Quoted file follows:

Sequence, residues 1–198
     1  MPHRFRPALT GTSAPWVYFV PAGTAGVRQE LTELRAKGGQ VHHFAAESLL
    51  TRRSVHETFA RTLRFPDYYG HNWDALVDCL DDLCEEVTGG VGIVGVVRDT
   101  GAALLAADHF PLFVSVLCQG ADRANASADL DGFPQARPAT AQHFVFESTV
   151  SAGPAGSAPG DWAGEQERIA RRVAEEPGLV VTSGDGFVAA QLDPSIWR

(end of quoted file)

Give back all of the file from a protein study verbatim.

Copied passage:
Sequence, residues 1–198
     1  MPHRFRPALT GTSAPWVYFV PAGTAGVRQE LTELRAKGGQ VHHFAAESLL
    51  TRRSVHETFA RTLRFPDYYG HNWDALVDCL DDLCEEVTGG VGIVGVVRDT
   101  GAALLAADHF PLFVSVLCQG ADRANASADL DGFPQARPAT AQHFVFESTV
   151  SAGPAGSAPG DWAGEQERIA RRVAEEPGLV VTSGDGFVAA QLDPSIWR